Re: [visionlist] [cvnet] Re: Beall’s List gone dark

The Nordic List at another white list that is a useful alternative.

On Thu, Jan 26, 2017 at 9:14 AM, Sebastiaan Mathot wrote:
> I’m wondering if some professional society might take up the mantle and continue it, somehow.
The directory of open-access journals ( is in effect such a resource. Although it takes the opposite approach: listing journals that it considers legit, rather than blacklisting those it doesn’t. I think that’s much more constructive that Beall’s list.

On 26/01/2017 17:55, John Pezaris wrote:

I’d prefer to avoid personal attacks on a scientific mailing list.
Beall’s list was an important resource.  I’m wondering if some
professional society might take up the mantle and continue it,
somehow.  The problem is that it would seem any society sufficiently
large enough to devote the necessary resources (and fight any
potential legal consequences) would have its own publication and
therefore an inherent conflict of interest.  Does anyone have ideas on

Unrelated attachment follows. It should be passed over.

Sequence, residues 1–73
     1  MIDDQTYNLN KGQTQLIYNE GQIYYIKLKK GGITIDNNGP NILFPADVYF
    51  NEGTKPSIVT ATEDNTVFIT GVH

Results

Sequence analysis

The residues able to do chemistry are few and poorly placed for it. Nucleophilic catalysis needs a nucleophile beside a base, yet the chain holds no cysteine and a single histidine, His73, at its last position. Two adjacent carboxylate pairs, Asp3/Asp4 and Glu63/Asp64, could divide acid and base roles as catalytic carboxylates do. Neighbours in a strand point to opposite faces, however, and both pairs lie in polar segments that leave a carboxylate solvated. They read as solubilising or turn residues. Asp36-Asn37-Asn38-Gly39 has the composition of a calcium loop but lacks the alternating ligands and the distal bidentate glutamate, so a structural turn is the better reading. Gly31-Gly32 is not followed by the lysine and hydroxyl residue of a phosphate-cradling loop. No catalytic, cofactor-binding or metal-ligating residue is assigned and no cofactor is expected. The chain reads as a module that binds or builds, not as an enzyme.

how to avoid that scenario?
– J.
On 1/26/17, Sebastiaan Mathot wrote:

Let’s not glorify Jeffrey Beall too much (or at all). His list was
useful, but it was never healthy that such an important resource was
curated by a single nutcase. To illustrate, let me quote from one his
/”The open-access movement is really about anti-corporatism. OA
advocates want to make collective everything and eliminate private
business, except for small businesses owned by the disadvantaged. They
don’t like the idea of profit, even though many have a large portfolio
of mutual funds in their retirement accounts that invest in for-profit
And so on, and so on. Is that the kind of guy we want to depend on? No
And yes, he actually wrote this! In an obscure open-access journal,
Michael Eisen wrote an interesting blog about this:
On 26/01/2017 14:30, John Neuhoff wrote:

Losing Beall’s list is really unfortunate, particularly for new
scholars. There is some talks that Cabell’s International is
developing a similar list based, in part, on Beall’s list. See:
There is some speculation that these two events are related (though
this has been denied by Cabell’s). See also the efforts of Dr. Eugene
Noolah, a fictional character that has gotten himself appointed to the
editorial boards of several predatory journals.
John G. Neuhoff
Department of Psychology
The College of Wooster


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